What's in a Twitter Background

One year, for me, has gone by very fast. It was a year ago that I finally joined Twitter. At the time I couldn't see any real value in it and had to be convinced to join. Once I was in, I went crazy with trying to create a profile, avatar and background that would stand out and tell people that I was someone that they HAD to follow.
That was a year ago and now I have a completely different outlook on Twitter profiles, avatars and backgrounds. Anyone can upload a picture, create a bio and then a snazzy background with all kinds of cool graphics and photos. What has become apparent to me is that it isn't the bio, avatar or background that will compell me to follow you (or for you to follow me). It all comes down to the content of your tweets. Are you an engaging person or do you just drone on without listening or interacting with other people out in Twitterville.
When I look at a person's page, I am more interested in what they are tweeting and who they are engaging with. Some of the more clever bots will interact but they only interact with other bots or random people. It takes some work but it soon becomes apparent who is and isn't a bot.
But I digress. Back to the topic at hand. For me, it is not important what kind of background, profile or avatar is on your page. What is really important to me is your tweets. A great example of this is @Kim. Go ahead and take a look at her page. Interesting isn't it. Did you notice how many people she has following her?
With all of the different software programs and ways to interface with Twitter, people's Twitter pages are only viewed when you are sitting in front of a computer and browsing to their page using a traditional browser. So now when I think back to what I went through to create that perfect bio, avatar and background, I wonder if that time wouldn't have been better spent engaging and meeting new people on Twitter.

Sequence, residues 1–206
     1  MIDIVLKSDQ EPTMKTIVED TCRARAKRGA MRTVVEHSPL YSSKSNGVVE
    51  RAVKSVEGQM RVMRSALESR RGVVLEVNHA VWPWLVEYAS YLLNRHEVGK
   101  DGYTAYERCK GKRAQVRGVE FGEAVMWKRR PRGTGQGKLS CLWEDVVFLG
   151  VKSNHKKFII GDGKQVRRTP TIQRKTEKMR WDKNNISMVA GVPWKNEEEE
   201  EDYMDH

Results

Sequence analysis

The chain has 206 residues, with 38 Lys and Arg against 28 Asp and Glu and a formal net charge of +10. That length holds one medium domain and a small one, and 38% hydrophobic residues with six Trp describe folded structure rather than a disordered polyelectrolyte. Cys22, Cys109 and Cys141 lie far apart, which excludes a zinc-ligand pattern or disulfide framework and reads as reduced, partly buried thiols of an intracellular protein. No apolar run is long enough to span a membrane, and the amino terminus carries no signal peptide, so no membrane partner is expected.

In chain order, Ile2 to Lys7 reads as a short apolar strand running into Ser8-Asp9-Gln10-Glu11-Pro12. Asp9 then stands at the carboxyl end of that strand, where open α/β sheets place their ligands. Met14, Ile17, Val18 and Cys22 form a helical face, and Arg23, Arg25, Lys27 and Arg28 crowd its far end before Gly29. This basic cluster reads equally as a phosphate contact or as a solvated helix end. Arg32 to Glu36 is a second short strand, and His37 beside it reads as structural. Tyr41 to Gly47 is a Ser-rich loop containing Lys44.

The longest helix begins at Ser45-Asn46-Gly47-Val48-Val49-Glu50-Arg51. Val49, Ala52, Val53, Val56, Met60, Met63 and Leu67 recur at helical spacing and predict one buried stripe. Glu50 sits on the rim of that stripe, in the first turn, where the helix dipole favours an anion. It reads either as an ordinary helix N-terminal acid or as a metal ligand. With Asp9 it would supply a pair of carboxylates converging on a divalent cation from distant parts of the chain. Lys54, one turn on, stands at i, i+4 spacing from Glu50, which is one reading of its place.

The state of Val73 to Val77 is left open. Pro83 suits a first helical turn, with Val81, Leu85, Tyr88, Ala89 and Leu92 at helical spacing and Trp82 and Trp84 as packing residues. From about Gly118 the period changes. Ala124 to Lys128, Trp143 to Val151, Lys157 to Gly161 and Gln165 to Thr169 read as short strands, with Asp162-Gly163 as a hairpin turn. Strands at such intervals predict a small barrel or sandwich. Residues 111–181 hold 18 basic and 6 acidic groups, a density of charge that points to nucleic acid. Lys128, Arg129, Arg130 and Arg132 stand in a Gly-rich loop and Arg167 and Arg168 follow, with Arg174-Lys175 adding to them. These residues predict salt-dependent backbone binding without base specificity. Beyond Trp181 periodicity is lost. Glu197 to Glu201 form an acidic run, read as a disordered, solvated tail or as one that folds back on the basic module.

Just thinking out loud....
If you have any comments or thoughts, please feel free to leave comments (I promise I won't delete them...really!)

You Can Never Tell.....

Part I
I have to start this posting with a story. This past weekend I was out running errands. While out driving from one place to another, I had a driver in a mini-van start to slowly drift into my lane. I was inching my way to the curb to avoid a collision, thinking that the driver would quickly notice where they were and self-correct back to the center lane. It became very clear to me that this wasn't going to happen so I quickly tapped my horn (twice I seem to recall). This startled the driver who snapped back a hand gesture that wasn't very appropriate or kind. Before I could even react to this, the driver turned left and darted into a parking lot where a kid's football game was about to start. Now I can handle a little hand gesture now and then (well, maybe not) but when the van is full of young children, I begin to wonder what other life lessons these children are learning from someone who they are suppose to look up to for guidance and direction.
Part II